Let's do this.
1. As the game clock ticked toward zero Tuesday night, with Nebraska comfortably ahead of Northwestern, BTN basketball analyst Jon Crispin twice said the Huskers are "a dangerous team."
Wednesday morning, we asked him to expand on that thought.
“The way the game is played nowadays, it is so outside-in as opposed to inside-out,” he said. “Everybody wants to get into dribble-drive and (pass) situations. But you can’t just have one play-maker in order to do that consistently well.”
This is where we steer the conversation toward Nebraska (11-5, 2-1 Big Ten) being genuinely “dangerous.” Think about it. Junior guard Glynn Watson is an obvious play-maker who can drive to the basket and dish a pass (or score himself). But you can say the same about 6-foot-6 slasher James Palmer, 6-9 forward Isaac Copeland, 6-3 guard Anton Gill and even 6-8 forward/center Isaiah Roby.
That's the lineup Tim Miles had on the floor at the end of the night as Nebraska polished off Northwestern, 70-55, in Rosemont, Illinois.
“If you have a second driver, you’re going to get an open shot,” Crispin said. “If you have three of those type players, you’re going to get even more open shots. If you have four and even five – with Roby at the five spot – you are a really, really tough team to figure out how to stop.”
Crispin talked with Miles before the game about the lineup.
“Tim said that’s one of his scariest lineups, for him,” Crispin said. “He said, ‘We don’t rebound as well in that lineup, but we get certain things from them offensively.’ And I’m thinking, that was one of their best lineups last night.
“That’s what (Wildcats coach) Chris Collins said, too. In fact, Collins said that’s Tim’s 'death squad' lineup.”
Coaches are forever looking for lineups they can trust. Miles trusted the Watson-Gill-Palmer-Copeland-Roby set enough to have it on the floor in the crucial late stages. Yes, Northwestern (10-6, 1-2) hammered Nebraska on the offensive glass at times. But down the stretch, the Huskers scrambled well defensively and were aggressive on the boards. And offensively, they were hard to stop.
Bottom line, Miles has multiple scoring options. Legit options. The odds are stacked against his top scorers -- Palmer (15.3 ppg), Watson (12.4), Copeland (12.1) and Gill (10.4) -- all struggling on a given night.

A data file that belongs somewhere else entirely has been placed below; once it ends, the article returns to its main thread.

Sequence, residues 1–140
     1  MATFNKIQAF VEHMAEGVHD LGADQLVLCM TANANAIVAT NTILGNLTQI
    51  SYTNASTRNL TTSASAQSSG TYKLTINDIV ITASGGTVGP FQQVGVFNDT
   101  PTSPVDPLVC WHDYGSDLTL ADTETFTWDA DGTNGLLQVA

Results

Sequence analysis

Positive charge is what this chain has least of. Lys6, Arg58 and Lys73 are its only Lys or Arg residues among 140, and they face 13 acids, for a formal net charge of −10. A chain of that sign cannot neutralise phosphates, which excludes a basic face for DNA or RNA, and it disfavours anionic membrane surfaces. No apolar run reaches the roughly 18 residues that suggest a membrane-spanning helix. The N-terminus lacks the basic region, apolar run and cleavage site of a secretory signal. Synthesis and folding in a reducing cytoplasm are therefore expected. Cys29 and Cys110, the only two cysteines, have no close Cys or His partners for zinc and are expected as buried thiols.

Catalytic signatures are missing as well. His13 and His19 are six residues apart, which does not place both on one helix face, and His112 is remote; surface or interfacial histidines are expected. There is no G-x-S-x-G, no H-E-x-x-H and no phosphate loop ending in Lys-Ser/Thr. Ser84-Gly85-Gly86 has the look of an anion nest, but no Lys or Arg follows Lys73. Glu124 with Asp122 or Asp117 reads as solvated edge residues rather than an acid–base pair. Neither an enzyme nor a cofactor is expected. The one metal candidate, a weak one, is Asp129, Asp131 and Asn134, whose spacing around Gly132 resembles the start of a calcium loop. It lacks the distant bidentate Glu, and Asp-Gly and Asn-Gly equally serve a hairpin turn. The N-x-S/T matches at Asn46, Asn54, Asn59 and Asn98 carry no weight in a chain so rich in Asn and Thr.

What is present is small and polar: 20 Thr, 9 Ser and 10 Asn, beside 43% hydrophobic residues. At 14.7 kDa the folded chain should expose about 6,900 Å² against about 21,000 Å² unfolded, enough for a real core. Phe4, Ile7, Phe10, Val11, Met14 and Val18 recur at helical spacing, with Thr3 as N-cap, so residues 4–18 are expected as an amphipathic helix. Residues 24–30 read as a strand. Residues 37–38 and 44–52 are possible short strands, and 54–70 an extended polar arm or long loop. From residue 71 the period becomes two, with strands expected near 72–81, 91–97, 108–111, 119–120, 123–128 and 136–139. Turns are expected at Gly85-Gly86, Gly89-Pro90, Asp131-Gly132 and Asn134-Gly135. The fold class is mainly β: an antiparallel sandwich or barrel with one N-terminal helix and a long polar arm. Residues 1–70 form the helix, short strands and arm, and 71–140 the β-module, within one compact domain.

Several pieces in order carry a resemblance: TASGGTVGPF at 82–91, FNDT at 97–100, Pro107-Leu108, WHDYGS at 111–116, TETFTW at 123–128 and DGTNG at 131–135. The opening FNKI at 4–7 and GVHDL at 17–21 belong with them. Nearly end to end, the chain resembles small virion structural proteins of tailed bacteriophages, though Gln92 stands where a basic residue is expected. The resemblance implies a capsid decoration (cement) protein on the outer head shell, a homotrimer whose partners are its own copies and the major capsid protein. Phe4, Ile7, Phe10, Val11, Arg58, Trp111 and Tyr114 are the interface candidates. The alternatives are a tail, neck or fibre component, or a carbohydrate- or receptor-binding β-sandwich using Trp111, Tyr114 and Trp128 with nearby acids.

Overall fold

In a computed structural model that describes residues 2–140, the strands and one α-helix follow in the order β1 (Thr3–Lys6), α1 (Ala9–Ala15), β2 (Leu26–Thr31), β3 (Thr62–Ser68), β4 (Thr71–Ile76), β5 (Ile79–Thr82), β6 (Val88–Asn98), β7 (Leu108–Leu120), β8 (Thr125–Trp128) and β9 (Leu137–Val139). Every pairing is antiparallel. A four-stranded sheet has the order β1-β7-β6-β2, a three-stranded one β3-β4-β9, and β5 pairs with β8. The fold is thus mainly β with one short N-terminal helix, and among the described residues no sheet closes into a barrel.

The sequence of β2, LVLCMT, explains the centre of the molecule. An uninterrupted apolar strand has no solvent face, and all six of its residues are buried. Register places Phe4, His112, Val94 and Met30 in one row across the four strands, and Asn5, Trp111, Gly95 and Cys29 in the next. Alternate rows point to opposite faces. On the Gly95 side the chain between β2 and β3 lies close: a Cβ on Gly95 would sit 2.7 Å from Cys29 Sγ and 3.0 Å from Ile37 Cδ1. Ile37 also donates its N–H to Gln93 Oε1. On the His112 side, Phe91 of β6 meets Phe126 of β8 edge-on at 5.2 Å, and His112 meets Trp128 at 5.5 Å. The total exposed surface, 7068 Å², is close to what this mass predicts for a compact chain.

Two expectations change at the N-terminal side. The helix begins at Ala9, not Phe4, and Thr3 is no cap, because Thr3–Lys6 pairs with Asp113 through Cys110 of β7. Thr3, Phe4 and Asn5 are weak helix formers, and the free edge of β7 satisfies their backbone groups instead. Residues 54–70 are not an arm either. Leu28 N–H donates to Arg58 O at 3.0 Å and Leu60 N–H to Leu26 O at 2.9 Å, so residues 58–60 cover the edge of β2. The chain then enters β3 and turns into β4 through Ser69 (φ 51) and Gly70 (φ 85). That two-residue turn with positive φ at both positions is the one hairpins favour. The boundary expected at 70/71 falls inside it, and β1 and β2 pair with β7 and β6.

I still believe Miles can get more production out of Watson. Consistency is the issue.
But that's another "Drive" topic for another day.
2. Nebraska also was effective with the lineup of Watson, Gill, Palmer, Copeland and center Tanner Borchardt.
The 6-foot-8, 265-pound Borchardt, a walk-on from Gothenburg, who recently was put on scholarship, played well for the second straight game (four points and two rebounds in 12 minutes).
“Tim told me, ‘Look, I would’ve played that lineup (Watson, Gill, Palmer, Copeland, Roby) more, but Borchardt was great,’ ” Crispin said.
Borchardt was coming off an eight-point, 10-rebound effort in a win Friday night against Stetson. The key with Borchardt is he’s usually not looking to score; he’s looking to do everything else right. Those types of players can be invaluable in terms of team chemistry.
Watch Borchardt set a ball screen and you’ll understand what I’m saying.
“He’s not necessarily the kind of guy you would recruit,” Crispin said. “But he’s the kind of guy you value on your team.”
3. Crispin believes Nebraska is an NCAA Tournament-caliber team and even one that could make hay in the Big Dance, in part because the Huskers are capable of strong guard play.
Let’s pull back for a moment, though. The Huskers have as many NCAA Tournament wins in the program’s history as I have Pulitzers -- that is to say, none. They're 0-7 all-time. So, let's see if Miles can see this thing through. Get to the Dance. Win in the Dance. Don't overthink it. Don't succumb to a long history of mediocrity in the program.
You don’t have to be Joe Lunardi to see Miles has an intriguing team on his hands.
4. One final thought on Husker hoops: Put yourself in Miles’ shoes. What would be the biggest concern about your team going forward?
Achieving consistency would be his concern, Crispin said. Although he sees good chemistry forming on Miles’ squad, most of the key players are transfers (Palmer, Copeland, Gill, Duby Okeke) who haven’t played much together in college.
“You need time on the floor to understand how to pick one another up, and how to maintain that level that allows your group to be successful,” Crispin said. “That’s a challenge for not only the players, but also for Tim Miles to feel it out constantly to see when to let off a little or to really crack down on his guys.
“You say consistency in a tweet and people go, ‘Oh, yeah, you’re right, they’ve been up and down.’ It goes way deeper than that.”
This is a big season for Miles. I’ve said it before: If Nebraska fails to reach the Big Dance, all bets are off as to whether he would be back for a seventh season.
5. OK, I lied. Here’s one final thought on Husker hoops ...
Cary Cochran, the former Nebraska sharp-shooting guard (1999-2002), appears weekly during basketball season on “Early Break ” on 93.7 FM. He has said he would like to see the Huskers attack early in the shot clock on a more regular basis.
Something Crispin said Wednesday made me think of Cochran’s analysis.
“Coaches are starting to pay more attention to the time between possessions,” Crispin said. “They’re thinking, ‘If the ball goes through the basket, how long does it take for us to get into our set or our movement or action on the offensive end?’
“The last thing you want to do is allow a defense to get set. These guys are too athletic, they’re too long, they’re too skilled athletically to allow them to get set up and defend you.”
Sometimes it all makes sense to me.
6. Miles should find this poster -- never mind the Nike symbol -- and hang it in the Hendrick Training Complex locker room this week ...
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